First gradually, and then with increasing rapidity, this model has broken down because the Church can no longer afford to provide a priest in every parish. Where I live one priest covered two parishes in the 1970s. Then in the 1980s two lots of two were combined to form a benefice. Now this benefice of four is to join two others to form one huge benefice of 10 parishes.
If you are a bishop, this obviously makes for administrative convenience - many fewer priests to deal with. But can a benefice of ten parishes, with ten parish churches, really become a single worshipping cell? I suggest not. The Church of England chattering classes are much given to decrying the unwillingness of parish congregations to drive even a few miles to the adjoining parish in the same benefice for services. For example, in our existing 4-parish benefice, the 5th Sunday in the month (ie four times a year) is a service for the benefice as a whole in each of the parish churches in turn. This does not really work in practice: of a normal congregation of 30, perhaps 5 are prepared to travel to the neighbouring parish for a service. The remaining 25 regard it as a day off worship.
Just for a moment, instead of criticising the members of the congregation who vote with their feet (by refusing to budge) I think it behoves us to consider whether something else is going on.
Why do people go to church?
Private prayer and worship is of course possible. Thanks to the internet, we can worship online through, say, the London Internet Church, from the comfort of our own homes. But people go to church, surely, because they do understand and feel that they are part of the Body of Christ. They need to worship in community, together with their neighbours. They need to have a word with Mrs Jones to see if her bunions are any better, and with Mr Smith to see if his daughter has safely returned from her gap year and so on and so on. They are ‘members one of another’. Someone in the congregation where I now worship asked me to do something for her in the village where I live. I hesitated for a moment, and this person quickly told me ‘surely it is your Christian duty’. Before I had a chance to respond to this (just as well!) she added that her Christian duty ended at the boundaries of her own parish. Now this may be wrong, but it is also intensely human.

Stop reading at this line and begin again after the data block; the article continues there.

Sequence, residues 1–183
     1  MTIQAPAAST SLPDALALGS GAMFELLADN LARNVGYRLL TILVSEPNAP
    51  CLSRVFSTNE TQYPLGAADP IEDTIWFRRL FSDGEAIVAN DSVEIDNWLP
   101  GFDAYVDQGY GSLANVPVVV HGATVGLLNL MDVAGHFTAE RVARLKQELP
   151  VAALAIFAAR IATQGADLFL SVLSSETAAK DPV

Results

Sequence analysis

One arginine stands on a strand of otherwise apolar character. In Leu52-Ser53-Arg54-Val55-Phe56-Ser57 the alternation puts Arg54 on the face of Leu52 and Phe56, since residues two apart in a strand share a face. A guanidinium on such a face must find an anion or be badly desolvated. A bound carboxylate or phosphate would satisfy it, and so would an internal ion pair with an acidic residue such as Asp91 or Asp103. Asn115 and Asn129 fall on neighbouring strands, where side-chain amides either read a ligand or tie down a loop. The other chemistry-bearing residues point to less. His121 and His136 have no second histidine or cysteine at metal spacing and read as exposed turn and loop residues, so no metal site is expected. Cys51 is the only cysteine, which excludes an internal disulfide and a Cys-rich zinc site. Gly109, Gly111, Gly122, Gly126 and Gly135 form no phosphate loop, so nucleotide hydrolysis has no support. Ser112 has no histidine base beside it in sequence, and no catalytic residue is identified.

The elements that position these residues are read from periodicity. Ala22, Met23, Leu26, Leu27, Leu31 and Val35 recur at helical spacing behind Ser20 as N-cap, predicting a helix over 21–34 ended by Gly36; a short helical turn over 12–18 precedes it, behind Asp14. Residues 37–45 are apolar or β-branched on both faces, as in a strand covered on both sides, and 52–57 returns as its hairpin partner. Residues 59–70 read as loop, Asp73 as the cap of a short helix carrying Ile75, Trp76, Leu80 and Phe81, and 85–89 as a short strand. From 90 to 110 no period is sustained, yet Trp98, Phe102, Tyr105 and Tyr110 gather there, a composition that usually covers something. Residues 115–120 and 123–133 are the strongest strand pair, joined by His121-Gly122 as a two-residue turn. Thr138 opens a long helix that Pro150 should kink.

Shouldn’t the Church work with human nature rather than against it?
We are now back on familiar territory. Because of the parish communion movement, the rules stipulate that there shall be celebration of the eucharist in every parish ever Sunday. As there is no longer a priest in every parish, this is impracticable. Some churches therefore have services only occasionally. Congregations do not move from church to church as the Church would like them to, but continue to attend services when offered in their own parish church. Weekly worshippers become monthly worshippers.
If the Church could be persuaded to revert to the status quo ante, services of the word (which could be taken by lay people) could form the bread and butter of worship, with services of eucharist offered as often as practicable by a priest (either the priest in charge, or a self-supporting minister or a neighbouring priest on ‘the list’ called in – and paid – for the purpose).